thought tripling seemed like so much (I have a hard time seeing
my works value objectively, it’s so easy for me to come up with
original designs) you helped me get a new perspective. Now, I’ve
heard from various sources (word of mouth and a couple of books
on selling crafts) that it is unwise to charge less at an
exposition or art/craft type show than one would in a retail
setting. Are there any opinions on this out there? work’n away in
lovely Oregon… hsqueenc


#7

Kelly & Radonna, one of the most difficult things to do is to
charge for your own time - and that’s not unique to the jewellery
business…

The subject of pricing has been covered before and can probably
be located in the Orchid archives. I had the same problem
earlier (prior to an earlier Orchid discussion) and I took in
the advice of charging 2 to 3 times material cost. In fact I use
3 for Sterling and 2 for findings etc as I believe that a margin
of 50% is OK on others work… In addition to that I charge for
my time as much as I dare.

Cost of your own time has to be calculated by yourself - the
best advice I got from last discussion is something like: Work
out your total cost for jewellery related work (i.e. all costs
applicable - cost of capital, rent, the annual share of cost of
tools and machinery, capital cost of stock etc) and don’t forget
your salary and perhaps some nasty taxes. Then, divide with the
total number of hours you think you will spend on your work but
remember to include all hours (not only bench time) as you
include ALL your costs. The figure you get should (if
everything is in) give you an indication of what the cost of
your time is - I’ve found it valuable to know the true cost -
you sort of know here your bottom limit is i.e. when you start
giving money away. To this cost figure you should add your
hourly mark-up - for me a 50% margin (i.e. cost *2) works OK but
this is of-course related to how much time you can charge for.

This is much easier said than done - but try to do the exercise
to learn the truth (?). I did this and found out that my hourly
cost (calculated) was much higher than I dared to charge (after
all - It’s your own judgement that has to be thrown in at last).
My analysis was that:

  1. I worked many more hours than I first expected - I recorded
    ALL my spent time during a few months

  2. I used much more money on gadgets than I could afford related
    to what I sell.

Finally I looked to what I produce and I adjusted prices as much
as I thought possible.

One advice I can offer is not to undersell yourself - and if you
for some reason (call it marketing, image making or whatever)
feel you should lower the price for a specific reason - make
sure that the one in favour of the lower price knows this - and
why.

R G D S Lars Dahlberg - Gotland/Sweden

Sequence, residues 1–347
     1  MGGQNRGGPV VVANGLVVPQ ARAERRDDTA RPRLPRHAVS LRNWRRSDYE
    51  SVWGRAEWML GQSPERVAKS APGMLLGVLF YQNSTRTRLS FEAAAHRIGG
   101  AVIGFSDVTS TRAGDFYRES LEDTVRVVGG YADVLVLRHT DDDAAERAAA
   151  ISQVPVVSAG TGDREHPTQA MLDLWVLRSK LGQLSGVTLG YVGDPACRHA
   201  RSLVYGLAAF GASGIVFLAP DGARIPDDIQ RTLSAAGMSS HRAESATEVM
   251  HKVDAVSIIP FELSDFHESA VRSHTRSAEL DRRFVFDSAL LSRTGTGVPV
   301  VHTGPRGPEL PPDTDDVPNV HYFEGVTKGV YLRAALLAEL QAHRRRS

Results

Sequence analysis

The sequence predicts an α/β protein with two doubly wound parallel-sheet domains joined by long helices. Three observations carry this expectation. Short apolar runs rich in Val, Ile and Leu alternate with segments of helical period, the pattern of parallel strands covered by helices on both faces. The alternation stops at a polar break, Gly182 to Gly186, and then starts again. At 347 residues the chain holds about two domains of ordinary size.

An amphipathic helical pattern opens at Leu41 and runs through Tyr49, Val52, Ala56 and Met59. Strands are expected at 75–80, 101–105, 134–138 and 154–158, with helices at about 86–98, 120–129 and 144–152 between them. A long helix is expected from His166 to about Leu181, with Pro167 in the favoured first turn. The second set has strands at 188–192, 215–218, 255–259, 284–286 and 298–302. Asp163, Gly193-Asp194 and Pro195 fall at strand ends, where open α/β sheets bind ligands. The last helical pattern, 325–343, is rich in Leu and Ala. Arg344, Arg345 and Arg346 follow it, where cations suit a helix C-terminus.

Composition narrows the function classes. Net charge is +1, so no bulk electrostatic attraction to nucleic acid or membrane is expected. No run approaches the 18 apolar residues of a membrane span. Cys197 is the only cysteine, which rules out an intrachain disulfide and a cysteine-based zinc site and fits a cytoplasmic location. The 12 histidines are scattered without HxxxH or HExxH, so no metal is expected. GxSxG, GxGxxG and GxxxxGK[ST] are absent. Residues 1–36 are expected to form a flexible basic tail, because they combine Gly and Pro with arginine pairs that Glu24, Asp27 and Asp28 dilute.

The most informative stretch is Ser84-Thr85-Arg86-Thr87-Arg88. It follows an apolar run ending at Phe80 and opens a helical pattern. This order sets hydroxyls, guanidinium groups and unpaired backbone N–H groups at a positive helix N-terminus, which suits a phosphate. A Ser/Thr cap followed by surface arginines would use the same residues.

#8
 . Now, I've heard from various sources (word of mouth and a
couple of books on selling crafts) that it is unwise to charge
less at an exposition or art/craft type show than one would in
a retail setting.  

Gallery Customers would be very upset if they find you at a
show, selling the same item they have just purchased, at a
greatly reduced price . . . the gallery owner wouldn’t be very
happy with you either. One way to avoid this would be to make
entirely different kinds of items for shows (art/craft) and for
galleries. IF I take items out of a gallery for a show, I do
not lower the price. If the gallery can sell it for "inflated"
price, why shouldn’t I be able to ask the same price? Set a
price and let the customers decide if it is too high!


#9
   Now, I've heard from various sources (word of mouth and a
couple of books on selling crafts) that it is unwise to charge
less at an exposition or art/craft type show than one would in
a retail setting. Are there any opinions on this out there?

I’m glad you raised that question. I have heard the same thing
and have wondered about the theory and economics behind it. If I
either sell or consign my work to a Gallery, the price I need to
get for it will be doubled, with none of the profit coming to me.
If I sell something privately (either direct sale or at a show)
I may feel that the price the Gallery can ask is too high for
what I can ask under the different selling circumstances. I
could sell it directly to a customer for the price I would get
from the Gallery -or - I can add a small amount for profit and
still earn more than I would from the Gallery. I realize that if
a piece is in a Gallery, you can’t undercut the identical item by
selling it for less. However, what about similar, but not
identical things?

Would enjoy hearing all and any thoughts on this. Sandra


#10

How about pricing the item the same as the gallery, but giving
interested customers a discount when they seem interested?

I’m not good at haggling, though, so i’m not sure if it would
work for me! -amery in venice

Amery Carriere,
Assistant to the Director
Annenberg School for Communication
School of Communication
3502 Watt Way ASC304 F
LA, CA 90089-0281

phone: 213.740.0934
fax: 213.740.3913


#11

Problems with double standard pricing arise when you get the
same customers in both venues. They then ask, rightly I think,
why the customers at shows get things for less than they have to
pay at your permanent retail outlet. My solution is to price the
same at both locations and then make individual ad hoc price
adjustments as the situation warrants. As for similar, but not
identical things, I always use the same pricing formula,
regardless of selling venue, mark the items base on that formula,
and then make the same ad hoc adjustments.

Keep on rockin’ Mike


#12
  "If I either sell or consign my work to a Gallery, the price
I need to get for it will be doubled, with none of the profit
coming to me." 

If that is the case, then I would humbly suggest your price is
too low. The book, “Sell What You Make, The Business of
Marketing Crafts” by Paul Gerhards, Stackpole Books, explains all
the pricing very well.

He says to start with your wholesale price, not retail. If
you can’t wholesale it to a gallery at 1/2 your retail, then your
retail is too low and you’ve got to raise it.

I price by using detailed on all the costs that go
into it and timing myself on how long it takes to make. Hope
this helps.

-Elaine
Chicago, Illinois, US
Great Lakes